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Cannabis for Insomnia and Pain

In patients with pain, insomnia can be a contributing factor to their wellbeing and health.  Insomnia has been shown to be a risk factor for cardiovascular disease.

 I have reviewed several scientific studies that have demonstrated cannabis to be useful for insomnia. One study demonstrated decreased time to fall asleep. Another study demonstrated additional 30 minutes or so of sleep per night with Cannabis use.

A study on patients with chronic pain revealed an improvement in sleep in patients with disturbed sleep.  However, the same study suggested that chronic cannabis use may impair sleep in older patients with chronic pain.  

These studies along with frequent reports from my patients suggest that cannabis is useful in patients with insomnia but more research is needed.


Indica strains are more sedating.

It is best to take 1 to 2 hours before sleep when taking by mouth. Vaporizing it has almost immediate effect. 


The use of CBD is also been shown to help with sleep, as well as THC . The combination is probably best. 


This scientific study shows patients commonly report that use of cannabis reduces the time it takes them to fall asleep —whether or not insomnia was the complaint with which they presented. By Rolando Tringale, MD and Claudia Jensen, MD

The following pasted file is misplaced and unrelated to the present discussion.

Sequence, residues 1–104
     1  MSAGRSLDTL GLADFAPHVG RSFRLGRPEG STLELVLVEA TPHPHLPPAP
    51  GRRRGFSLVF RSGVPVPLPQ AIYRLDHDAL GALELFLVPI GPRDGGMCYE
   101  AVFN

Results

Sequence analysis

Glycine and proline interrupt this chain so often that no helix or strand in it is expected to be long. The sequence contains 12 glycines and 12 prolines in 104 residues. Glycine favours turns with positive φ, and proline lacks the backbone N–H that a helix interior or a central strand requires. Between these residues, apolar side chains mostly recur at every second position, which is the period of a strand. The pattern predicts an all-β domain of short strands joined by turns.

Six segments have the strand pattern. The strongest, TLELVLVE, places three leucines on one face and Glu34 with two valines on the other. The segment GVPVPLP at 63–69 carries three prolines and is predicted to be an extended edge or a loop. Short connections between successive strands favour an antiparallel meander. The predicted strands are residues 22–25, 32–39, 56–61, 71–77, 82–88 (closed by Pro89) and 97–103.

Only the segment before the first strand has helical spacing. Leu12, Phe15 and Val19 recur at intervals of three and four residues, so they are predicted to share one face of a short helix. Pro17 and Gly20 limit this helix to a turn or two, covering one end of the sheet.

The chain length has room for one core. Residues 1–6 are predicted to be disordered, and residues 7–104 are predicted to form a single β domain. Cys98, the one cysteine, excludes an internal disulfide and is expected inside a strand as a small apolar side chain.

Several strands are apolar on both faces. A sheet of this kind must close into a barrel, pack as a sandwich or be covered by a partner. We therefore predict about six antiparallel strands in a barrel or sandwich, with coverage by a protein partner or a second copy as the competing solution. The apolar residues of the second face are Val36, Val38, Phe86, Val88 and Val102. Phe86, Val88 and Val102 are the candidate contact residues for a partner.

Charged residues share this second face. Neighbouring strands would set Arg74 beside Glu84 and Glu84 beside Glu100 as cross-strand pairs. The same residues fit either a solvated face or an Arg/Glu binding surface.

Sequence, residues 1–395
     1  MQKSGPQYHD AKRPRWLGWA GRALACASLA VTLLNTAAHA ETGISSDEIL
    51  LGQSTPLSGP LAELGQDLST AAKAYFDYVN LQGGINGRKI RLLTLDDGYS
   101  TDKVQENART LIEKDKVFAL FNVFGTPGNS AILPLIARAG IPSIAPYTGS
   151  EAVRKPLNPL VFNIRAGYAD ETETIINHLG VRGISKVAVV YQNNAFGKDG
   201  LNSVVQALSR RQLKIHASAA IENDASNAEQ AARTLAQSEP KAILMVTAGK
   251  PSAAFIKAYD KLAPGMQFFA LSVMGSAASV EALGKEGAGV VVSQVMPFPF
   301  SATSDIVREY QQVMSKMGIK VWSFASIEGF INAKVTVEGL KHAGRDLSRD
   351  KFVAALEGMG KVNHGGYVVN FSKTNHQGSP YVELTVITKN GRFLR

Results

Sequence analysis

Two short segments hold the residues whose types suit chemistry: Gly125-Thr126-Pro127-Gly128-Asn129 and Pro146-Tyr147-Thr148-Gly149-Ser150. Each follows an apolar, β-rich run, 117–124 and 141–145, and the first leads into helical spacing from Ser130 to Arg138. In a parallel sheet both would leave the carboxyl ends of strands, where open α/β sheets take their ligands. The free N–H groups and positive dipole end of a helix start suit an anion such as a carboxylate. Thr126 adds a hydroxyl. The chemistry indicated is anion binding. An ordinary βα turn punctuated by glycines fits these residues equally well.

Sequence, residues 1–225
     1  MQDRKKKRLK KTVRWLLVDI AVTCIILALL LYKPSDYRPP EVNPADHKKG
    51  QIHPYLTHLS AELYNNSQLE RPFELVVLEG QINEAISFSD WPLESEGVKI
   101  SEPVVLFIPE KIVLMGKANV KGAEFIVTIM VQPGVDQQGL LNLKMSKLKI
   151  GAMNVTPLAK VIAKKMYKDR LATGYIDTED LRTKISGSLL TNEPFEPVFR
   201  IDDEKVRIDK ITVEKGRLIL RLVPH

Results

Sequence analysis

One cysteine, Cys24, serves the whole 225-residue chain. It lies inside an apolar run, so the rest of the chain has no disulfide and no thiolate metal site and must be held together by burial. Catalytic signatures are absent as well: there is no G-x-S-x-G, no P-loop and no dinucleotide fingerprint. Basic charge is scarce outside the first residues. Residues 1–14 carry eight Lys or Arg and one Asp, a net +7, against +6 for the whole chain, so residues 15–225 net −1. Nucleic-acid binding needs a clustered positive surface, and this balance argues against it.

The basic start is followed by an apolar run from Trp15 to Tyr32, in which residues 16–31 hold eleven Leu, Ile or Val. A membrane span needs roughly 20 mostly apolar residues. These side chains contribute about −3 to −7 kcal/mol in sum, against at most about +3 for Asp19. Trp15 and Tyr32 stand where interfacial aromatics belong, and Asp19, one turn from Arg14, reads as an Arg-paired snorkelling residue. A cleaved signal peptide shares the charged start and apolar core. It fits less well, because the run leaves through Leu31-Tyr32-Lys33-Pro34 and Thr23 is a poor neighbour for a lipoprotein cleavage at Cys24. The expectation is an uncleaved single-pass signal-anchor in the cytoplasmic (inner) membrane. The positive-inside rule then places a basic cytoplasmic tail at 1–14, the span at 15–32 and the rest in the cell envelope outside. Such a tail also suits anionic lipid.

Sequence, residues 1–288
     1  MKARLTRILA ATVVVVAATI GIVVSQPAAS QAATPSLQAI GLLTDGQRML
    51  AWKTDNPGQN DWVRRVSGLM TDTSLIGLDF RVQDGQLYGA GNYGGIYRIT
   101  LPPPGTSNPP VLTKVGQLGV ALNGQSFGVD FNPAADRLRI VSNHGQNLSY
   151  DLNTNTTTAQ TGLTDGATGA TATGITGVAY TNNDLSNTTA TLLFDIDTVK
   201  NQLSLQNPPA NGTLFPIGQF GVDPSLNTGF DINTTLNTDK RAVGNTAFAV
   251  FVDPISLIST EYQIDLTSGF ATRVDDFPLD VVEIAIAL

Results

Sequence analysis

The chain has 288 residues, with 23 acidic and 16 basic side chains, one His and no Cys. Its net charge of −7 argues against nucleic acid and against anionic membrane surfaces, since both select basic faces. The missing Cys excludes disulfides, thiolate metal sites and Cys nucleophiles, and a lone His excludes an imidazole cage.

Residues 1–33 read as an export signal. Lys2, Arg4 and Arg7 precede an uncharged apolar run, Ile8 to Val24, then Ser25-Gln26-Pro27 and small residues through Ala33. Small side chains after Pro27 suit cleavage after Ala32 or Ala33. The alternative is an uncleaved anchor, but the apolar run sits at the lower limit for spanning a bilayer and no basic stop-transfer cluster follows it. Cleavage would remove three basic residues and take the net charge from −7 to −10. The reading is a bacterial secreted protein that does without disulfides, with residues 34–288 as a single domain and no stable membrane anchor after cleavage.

Abstract Background: Safe and effective medications are needed for treatment of insomnia. In this large retrospective study of cannabis patients, we analyzed clinical data on patient-reported effects on sleep latency before and after the use of cannabis. Methods We conducted a focused, retrospective analysis of data collected from 166 subjects from two cannabis clinics in Southern California (Ventura and San Clemente). Subjects who reported difficulty with sleeping (n=116) and those who reported no difficulty with sleeping (n=31) were included in this analysis. The primary outcome measures were a comparison of both cohorts and the sleep latency time after the use of cannabis compared with sleep latency time without the use of cannabis. Secondary outcomes were measured by comparing sleep latency between the two cohorts, sleep quality, and effect on dreaming. Analysis was conducted by the Wilcoxon-signed rank test and the Kruskal-Wallis test. Findings The two cohorts (n=147) did not statistically differ in characteristics except for their ingestion of cannabis orally and in their total cannabis ingested per week. We noted a significant decrease in reported time to sleep after the use of cannabis in both those with and those without reported sleep difficulties. In terms of the secondary outcome, we saw a statistically significant difference (p=0.001) in time it took to fall asleep between both groups.


Conclusions; Patients seeking physician approval to use cannabis commonly report benefits on decreasing sleep latency, even if a sleep disorder is not the chief complaint. This previously unreported result is supported by recent findings concerning the endocannabinoid system, as well as voluminous anecdotal evidence. Larger double-blinded studies are indicated to rigorously explore this important clinical effect.

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